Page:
Deadpool, starring Ryan Reynolds as the notorious Merc With a Mouth, shattered all expectations and blew past all previous box-office records for this time frame with what Variety estimated to be a $135 million opening weekend haul at the North American box office. And that's just over three days; by the time he's finished with the four-day holiday (today is President’s Day), the mutant mercenary is likely going to be sitting on a total of $160 million. His closest competitor, Kung Fu Panda 3, was a distant second with just under $20 million.
That is huge. Let's put it this way: Initial estimates said that the movie would make $75 million in its first weekend -- and even that was being called a victory for Reynolds, director Tim Miller and 20th Century Fox, which bankrolled the modestly budgeted (in superhero movie terms) $58 million film. The fact that Deadpool is going to more than double that estimate by the close of business on Monday is staggering.
Why is this so jaw-dropping? Well, you're talking about a comic-book character that has a cult following but nowhere near the mainstream recognition of a Batman, Superman or Spider-Man, or even an Iron Man, for that matter. Outside of comic-book fans, Deadpool has been largely unknown to the public. Second, this is an R-rated film, and a hard R at that, meaning that there's a certain segment of the public -- namely anyone under 17 -- that theoretically would like to see this movie but can't get in without an adult along. And finally, the leading man has not proven himself to be a big draw at the box office, while the rest of the cast doesn’t feature a lot of star power either (although it's probably safe to say that Reynolds now gets out of the superhero jail he's been in since Green Lantern bombed).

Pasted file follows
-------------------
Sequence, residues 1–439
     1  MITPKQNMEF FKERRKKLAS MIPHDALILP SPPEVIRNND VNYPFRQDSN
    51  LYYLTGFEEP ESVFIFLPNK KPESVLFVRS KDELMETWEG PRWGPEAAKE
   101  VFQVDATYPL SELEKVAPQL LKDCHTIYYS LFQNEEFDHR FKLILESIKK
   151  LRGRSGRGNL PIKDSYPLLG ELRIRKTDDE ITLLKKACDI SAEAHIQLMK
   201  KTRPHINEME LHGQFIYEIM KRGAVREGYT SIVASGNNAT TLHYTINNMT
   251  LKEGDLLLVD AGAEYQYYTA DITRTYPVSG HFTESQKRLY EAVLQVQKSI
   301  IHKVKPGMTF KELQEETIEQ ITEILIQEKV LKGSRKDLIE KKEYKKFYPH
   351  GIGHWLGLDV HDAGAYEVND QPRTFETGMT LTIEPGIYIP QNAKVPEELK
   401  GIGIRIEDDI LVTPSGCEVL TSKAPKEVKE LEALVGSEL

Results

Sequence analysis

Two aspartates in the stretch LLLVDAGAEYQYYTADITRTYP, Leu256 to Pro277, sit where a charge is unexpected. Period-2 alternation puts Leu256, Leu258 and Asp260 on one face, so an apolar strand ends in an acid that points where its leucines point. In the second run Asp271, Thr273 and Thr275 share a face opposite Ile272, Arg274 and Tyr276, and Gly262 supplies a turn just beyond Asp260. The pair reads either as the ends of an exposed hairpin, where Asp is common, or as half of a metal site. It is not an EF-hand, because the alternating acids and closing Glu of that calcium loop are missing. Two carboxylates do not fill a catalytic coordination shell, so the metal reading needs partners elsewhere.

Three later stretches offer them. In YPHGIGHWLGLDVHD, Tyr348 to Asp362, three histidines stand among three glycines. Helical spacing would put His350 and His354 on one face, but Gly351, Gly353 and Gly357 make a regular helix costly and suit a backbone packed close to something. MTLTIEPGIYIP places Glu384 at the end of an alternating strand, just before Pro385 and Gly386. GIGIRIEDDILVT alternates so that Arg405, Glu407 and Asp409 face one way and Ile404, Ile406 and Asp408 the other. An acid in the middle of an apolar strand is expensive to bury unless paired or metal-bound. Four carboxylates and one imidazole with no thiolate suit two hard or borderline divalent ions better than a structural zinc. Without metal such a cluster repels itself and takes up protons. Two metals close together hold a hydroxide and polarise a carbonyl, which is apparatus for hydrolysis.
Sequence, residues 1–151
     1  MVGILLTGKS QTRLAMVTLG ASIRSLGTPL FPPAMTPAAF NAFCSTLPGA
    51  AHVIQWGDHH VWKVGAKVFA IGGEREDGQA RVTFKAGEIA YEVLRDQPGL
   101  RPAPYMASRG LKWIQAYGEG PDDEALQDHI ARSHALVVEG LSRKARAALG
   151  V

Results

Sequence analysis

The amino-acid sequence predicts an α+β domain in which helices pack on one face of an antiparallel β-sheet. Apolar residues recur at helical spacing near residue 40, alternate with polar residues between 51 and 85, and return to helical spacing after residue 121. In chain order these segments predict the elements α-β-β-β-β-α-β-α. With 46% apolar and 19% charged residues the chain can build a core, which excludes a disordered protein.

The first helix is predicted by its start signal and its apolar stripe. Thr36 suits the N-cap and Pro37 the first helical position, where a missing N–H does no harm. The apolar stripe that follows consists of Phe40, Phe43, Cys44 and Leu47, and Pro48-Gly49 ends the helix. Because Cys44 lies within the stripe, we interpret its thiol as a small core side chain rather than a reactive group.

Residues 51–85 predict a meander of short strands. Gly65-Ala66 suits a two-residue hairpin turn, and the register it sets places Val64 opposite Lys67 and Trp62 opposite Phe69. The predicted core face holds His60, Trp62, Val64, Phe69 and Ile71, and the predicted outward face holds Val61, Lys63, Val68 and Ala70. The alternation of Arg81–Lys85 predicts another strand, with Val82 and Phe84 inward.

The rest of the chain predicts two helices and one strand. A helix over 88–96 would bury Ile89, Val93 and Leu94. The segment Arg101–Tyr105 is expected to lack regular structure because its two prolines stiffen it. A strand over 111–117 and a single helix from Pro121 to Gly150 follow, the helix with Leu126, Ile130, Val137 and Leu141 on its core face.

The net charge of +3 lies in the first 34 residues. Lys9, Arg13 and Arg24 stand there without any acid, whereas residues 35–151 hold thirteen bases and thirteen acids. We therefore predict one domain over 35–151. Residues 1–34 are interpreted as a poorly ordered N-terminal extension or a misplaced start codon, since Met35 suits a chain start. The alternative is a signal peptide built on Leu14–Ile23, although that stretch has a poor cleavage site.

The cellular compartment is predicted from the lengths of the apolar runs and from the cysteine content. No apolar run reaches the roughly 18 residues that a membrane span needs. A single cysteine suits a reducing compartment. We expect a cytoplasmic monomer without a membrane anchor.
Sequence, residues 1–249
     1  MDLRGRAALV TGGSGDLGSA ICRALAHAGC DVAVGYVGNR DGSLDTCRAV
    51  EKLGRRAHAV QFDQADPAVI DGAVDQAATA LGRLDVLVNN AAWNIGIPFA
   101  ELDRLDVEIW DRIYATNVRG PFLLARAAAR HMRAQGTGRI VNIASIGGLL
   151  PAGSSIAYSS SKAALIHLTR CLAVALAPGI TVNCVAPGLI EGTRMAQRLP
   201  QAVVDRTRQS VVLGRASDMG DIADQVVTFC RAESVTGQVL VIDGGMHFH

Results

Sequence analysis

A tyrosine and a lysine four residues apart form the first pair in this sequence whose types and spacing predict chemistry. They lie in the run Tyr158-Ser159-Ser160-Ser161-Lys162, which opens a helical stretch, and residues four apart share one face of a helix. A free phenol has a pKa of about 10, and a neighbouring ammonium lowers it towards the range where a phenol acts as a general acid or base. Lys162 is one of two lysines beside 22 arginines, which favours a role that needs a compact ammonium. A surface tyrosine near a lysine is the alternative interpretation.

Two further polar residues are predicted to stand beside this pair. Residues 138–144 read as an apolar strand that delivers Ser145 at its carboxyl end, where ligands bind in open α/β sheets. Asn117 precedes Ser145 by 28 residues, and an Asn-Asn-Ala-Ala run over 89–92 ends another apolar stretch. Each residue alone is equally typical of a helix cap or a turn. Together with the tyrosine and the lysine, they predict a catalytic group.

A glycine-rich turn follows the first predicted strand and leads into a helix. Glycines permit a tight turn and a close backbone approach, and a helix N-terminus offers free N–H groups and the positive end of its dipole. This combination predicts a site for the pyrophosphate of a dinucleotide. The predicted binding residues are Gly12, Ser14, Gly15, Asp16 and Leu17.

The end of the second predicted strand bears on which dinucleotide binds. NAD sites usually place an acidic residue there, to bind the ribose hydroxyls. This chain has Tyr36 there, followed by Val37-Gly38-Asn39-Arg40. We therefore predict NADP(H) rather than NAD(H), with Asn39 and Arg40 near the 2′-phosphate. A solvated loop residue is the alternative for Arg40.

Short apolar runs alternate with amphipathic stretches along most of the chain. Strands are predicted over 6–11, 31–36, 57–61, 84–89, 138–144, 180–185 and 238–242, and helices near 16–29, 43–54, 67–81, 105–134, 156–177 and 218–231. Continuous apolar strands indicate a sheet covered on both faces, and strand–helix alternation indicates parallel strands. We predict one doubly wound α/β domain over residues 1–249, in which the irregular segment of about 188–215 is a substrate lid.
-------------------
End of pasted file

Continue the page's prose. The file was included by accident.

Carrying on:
Not only did Deadpool open well, but it's broken every previous box-office record for this time of year, including largest February opening weekend (previously held by Fifty Shades of Gray with $85.1 million), largest four-day President’s Day weekend (also once held by Fifty Shades with $93 million), largest R-rated opening weekend (that one used to belong to The Matrix Reloaded, with $91.7 million), largest R-rated comic adaptation (300 held that with $71 million) and largest winter opening weekend (Deadpool shot down American Sniper's $89.2 million record for that).
It's also the largest opening ever for 20th Century Fox, beating the previous mark of $108 million held by Star Wars -- Episode III: Revenge of the Sith, and you can bet that the execs at the studio are eager to get Reynolds and company back in front of the cameras for a sequel as quickly as possible, perhaps this time with Cable along for the ride. And by the way, Deadpool now has the biggest opening weekend of any X-Men movie as well (box-office figures and records via Collider/Box Office Mojo).
So, what does this all mean? Well, for one thing, I expect that all those "is superhero movie fatigue setting in?" thinkpieces will be given a nice, long rest. It's also possible that studios could start adapting riskier, raunchier, more "adult" comic-book fare -- although if they do the typical Hollywood groupthink thing and start insisting that every superhero walk and talk like Deadpool, that is bound to fail. Deadpool succeeded because the movie and the brilliant marketing campaign were true to the character, and my guess is that any attempt to shoehorn other comic-book heroes into that template to "be more like Deadpool" will be greeted with skepticism by the public.
But what this so richly proves is that the comic-book universe is large, diverse and capable of delivering many different kinds of entertainment. Each time we've seen a "risky" superhero movie released -- a Guardians of the Galaxy, an Ant-Man, and now Deadpool -- we've watched it exceed expectations. It doesn't just have to be Batman, Iron Man or the Avengers all the time. Even a potty-mouthed, scarred, immature antihero can become a star, as Deadpool, himself, would no doubt be pleased to tell you.